"You've got a friend in me": can social networks mediate the relationship between mood and MCI?
Cognitive Function and Ageing Study: Wales
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BACKGROUND: Social networks can change with age, for reasons that are adaptive or unwanted. Social engagement is beneficial to both mental health and cognition, and represents a potentially modifiable factor. Consequently this study explored this association and assessed whether the relationship between mild cognitive impairment (MCI) and mood problems was mediated by social networks. METHODS: This study includes an analysis of data from the Cognitive Function and Ageing Study Wales (CFAS Wales). CFAS Wales Phase 1 data were collected from 2010 to 2013 by conducting structured interviews with older people aged over 65 years of age living in urban and rural areas of Wales, and included questions that assessed cognitive functioning, mood, and social networks. Regression analyses were used to investigate the associations between individual variables and the mediating role of social networks. RESULTS: Having richer social networks was beneficial to both mood and cognition. Participants in the MCI category had weaker social networks than participants without cognitive impairment, whereas stronger social networks were associated with a decrease in the odds of experiencing mood problems, suggesting that they may offer a protective effect against anxiety and depression. Regression analyses revealed that social networks are a significant mediator of the relationship between MCI and mood problems. CONCLUSIONS: These findings are important, as mood problems are a risk factor for progression from MCI to dementia, so interventions that increase and strengthen social networks may have beneficial effects on slowing the progression of cognitive decline.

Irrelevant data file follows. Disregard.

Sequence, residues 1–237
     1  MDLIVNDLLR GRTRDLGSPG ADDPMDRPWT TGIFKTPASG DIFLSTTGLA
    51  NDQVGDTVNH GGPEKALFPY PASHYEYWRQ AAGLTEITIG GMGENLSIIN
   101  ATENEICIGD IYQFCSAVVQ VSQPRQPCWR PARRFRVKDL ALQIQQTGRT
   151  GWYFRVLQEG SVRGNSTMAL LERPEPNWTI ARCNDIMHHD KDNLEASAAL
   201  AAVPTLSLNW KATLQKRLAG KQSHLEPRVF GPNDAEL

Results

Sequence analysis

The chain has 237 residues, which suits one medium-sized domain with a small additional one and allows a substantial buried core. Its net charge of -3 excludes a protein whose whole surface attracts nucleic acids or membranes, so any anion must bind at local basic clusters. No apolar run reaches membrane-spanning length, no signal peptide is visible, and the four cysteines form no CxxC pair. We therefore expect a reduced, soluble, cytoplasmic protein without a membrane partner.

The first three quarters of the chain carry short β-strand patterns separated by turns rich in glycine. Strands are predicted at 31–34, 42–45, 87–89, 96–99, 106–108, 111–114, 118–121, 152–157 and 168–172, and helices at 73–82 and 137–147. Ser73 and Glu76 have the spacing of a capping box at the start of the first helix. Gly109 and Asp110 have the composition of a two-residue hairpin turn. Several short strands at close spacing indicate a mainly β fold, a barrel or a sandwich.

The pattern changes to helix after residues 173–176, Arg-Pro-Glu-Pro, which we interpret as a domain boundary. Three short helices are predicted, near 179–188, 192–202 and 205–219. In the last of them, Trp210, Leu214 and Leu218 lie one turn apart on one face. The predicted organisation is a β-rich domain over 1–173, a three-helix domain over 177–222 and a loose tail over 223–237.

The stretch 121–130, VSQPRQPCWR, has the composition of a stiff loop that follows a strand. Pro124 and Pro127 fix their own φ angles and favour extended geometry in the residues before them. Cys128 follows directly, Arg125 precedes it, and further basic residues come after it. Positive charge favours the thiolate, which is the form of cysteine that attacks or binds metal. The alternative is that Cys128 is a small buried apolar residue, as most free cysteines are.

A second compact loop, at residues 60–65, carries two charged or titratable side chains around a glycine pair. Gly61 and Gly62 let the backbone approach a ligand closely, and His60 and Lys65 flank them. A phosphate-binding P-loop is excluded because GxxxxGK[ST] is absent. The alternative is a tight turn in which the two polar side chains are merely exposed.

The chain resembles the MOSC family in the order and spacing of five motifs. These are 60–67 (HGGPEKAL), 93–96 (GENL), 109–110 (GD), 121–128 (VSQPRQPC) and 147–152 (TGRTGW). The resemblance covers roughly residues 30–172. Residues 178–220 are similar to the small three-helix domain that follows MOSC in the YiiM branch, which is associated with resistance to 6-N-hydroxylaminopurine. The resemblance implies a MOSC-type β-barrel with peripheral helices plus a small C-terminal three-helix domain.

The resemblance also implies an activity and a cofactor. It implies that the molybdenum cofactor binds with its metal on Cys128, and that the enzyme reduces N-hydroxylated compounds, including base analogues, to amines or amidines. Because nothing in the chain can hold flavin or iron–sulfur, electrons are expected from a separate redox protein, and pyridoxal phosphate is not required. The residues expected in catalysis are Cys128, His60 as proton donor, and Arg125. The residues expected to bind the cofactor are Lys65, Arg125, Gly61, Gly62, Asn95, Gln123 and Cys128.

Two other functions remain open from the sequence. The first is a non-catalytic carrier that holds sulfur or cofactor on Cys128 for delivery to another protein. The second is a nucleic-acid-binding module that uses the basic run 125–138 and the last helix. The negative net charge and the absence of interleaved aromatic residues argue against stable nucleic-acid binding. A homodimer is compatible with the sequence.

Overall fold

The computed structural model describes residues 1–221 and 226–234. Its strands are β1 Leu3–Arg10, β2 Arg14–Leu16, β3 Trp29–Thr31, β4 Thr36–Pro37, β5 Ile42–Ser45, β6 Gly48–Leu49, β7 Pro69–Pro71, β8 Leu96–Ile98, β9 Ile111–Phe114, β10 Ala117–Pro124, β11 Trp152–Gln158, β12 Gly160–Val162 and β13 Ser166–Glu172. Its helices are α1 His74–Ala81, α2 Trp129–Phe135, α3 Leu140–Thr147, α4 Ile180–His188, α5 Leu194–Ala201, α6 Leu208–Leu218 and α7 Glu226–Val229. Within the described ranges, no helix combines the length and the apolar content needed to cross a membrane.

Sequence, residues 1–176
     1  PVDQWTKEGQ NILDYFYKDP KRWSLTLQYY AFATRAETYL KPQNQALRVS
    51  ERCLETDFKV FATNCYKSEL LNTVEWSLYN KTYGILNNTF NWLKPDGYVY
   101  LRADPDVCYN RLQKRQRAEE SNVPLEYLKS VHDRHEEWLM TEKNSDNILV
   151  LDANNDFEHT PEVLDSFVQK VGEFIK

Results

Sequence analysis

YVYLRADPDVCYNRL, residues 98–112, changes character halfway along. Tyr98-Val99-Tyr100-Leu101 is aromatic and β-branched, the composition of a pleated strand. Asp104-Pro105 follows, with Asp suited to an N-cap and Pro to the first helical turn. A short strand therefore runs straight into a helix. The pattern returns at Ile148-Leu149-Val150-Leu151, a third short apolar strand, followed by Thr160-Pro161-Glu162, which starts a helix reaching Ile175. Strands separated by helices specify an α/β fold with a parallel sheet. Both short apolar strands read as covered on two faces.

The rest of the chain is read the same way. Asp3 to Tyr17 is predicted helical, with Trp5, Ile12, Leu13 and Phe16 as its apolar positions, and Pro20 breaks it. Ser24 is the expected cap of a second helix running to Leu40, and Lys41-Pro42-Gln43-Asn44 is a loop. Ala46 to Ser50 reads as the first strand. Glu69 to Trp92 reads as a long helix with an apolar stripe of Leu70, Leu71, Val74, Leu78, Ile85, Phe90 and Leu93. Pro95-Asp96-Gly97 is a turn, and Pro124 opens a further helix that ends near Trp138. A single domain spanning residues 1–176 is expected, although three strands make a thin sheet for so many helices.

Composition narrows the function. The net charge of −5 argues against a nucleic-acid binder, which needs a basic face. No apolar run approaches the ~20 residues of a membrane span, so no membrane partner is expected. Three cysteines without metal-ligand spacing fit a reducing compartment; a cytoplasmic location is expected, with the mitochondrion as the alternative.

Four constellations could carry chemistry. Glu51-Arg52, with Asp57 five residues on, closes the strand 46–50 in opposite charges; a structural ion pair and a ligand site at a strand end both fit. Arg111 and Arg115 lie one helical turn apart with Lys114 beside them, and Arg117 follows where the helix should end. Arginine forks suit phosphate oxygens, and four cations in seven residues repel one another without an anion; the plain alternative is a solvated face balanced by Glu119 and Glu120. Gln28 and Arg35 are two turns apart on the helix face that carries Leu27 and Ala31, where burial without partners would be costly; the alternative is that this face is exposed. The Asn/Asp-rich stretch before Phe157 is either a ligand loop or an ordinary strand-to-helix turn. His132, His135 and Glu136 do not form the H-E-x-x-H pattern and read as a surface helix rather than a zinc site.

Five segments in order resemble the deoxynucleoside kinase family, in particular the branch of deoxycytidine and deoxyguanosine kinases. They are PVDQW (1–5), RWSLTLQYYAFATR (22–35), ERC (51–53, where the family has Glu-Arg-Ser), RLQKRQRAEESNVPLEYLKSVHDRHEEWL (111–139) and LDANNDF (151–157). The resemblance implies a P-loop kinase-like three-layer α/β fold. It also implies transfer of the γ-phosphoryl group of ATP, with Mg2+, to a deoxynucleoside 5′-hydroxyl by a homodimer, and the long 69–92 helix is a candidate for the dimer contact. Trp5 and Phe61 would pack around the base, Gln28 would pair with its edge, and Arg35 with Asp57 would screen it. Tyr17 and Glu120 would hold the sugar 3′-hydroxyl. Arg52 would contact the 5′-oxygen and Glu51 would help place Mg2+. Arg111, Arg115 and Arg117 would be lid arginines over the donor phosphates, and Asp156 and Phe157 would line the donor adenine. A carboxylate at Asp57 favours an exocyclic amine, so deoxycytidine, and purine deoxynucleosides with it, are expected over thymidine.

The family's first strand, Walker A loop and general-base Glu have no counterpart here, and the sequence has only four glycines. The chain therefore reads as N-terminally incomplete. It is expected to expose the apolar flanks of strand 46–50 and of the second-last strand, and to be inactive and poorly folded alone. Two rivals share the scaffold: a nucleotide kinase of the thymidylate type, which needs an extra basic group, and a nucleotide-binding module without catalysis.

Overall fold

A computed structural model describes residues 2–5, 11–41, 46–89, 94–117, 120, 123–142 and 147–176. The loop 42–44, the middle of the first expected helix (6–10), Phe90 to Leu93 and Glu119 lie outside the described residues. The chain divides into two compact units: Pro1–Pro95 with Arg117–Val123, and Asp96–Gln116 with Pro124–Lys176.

The CFAS Wales study was funded by the ESRC (RES-060-25-0060) and HEFCW as ‘Maintaining function and well-being in later life: a longitudinal cohort study’.
This work was supported by the Economic and Social Research Council (ESRC) under grant RES-060-250,060.
This record contains both the author's accepted manuscript and the final published version. Final version also available from BioMed Central via the DOI in this record
Vol. 17, article 144
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